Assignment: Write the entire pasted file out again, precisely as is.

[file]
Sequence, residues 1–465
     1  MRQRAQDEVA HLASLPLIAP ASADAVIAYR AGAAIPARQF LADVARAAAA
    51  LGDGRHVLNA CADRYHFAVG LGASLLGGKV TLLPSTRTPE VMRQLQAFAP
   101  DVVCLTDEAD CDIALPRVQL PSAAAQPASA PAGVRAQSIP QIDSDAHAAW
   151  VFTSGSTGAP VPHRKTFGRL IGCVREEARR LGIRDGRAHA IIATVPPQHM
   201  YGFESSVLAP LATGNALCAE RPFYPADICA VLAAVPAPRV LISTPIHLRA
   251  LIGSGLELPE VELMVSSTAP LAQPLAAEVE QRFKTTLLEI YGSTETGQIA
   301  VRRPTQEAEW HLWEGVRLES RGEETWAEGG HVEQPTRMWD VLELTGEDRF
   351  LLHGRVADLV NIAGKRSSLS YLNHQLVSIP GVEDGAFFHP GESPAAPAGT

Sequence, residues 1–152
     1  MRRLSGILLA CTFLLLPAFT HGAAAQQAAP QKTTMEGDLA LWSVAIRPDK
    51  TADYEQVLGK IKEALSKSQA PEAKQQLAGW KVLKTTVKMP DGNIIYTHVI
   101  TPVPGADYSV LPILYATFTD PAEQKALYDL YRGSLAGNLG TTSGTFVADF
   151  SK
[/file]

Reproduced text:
Sequence, residues 1–465
     1  MRQRAQDEVA HLASLPLIAP ASADAVIAYR AGAAIPARQF LADVARAAAA
    51  LGDGRHVLNA CADRYHFAVG LGASLLGGKV TLLPSTRTPE VMRQLQAFAP
   101  DVVCLTDEAD CDIALPRVQL PSAAAQPASA PAGVRAQSIP QIDSDAHAAW
   151  VFTSGSTGAP VPHRKTFGRL IGCVREEARR LGIRDGRAHA IIATVPPQHM
   201  YGFESSVLAP LATGNALCAE RPFYPADICA VLAAVPAPRV LISTPIHLRA
   251  LIGSGLELPE VELMVSSTAP LAQPLAAEVE QRFKTTLLEI YGSTETGQIA
   301  VRRPTQEAEW HLWEGVRLES RGEETWAEGG HVEQPTRMWD VLELTGEDRF
   351  LLHGRVADLV NIAGKRSSLS YLNHQLVSIP GVEDGAFFHP GESPAAPAGT

Sequence, residues 1–152
     1  MRRLSGILLA CTFLLLPAFT HGAAAQQAAP QKTTMEGDLA LWSVAIRPDK
    51  TADYEQVLGK IKEALSKSQA PEAKQQLAGW KVLKTTVKMP DGNIIYTHVI
   101  TPVPGADYSV LPILYATFTD PAEQKALYDL YRGSLAGNLG TTSGTFVADF
   151  SK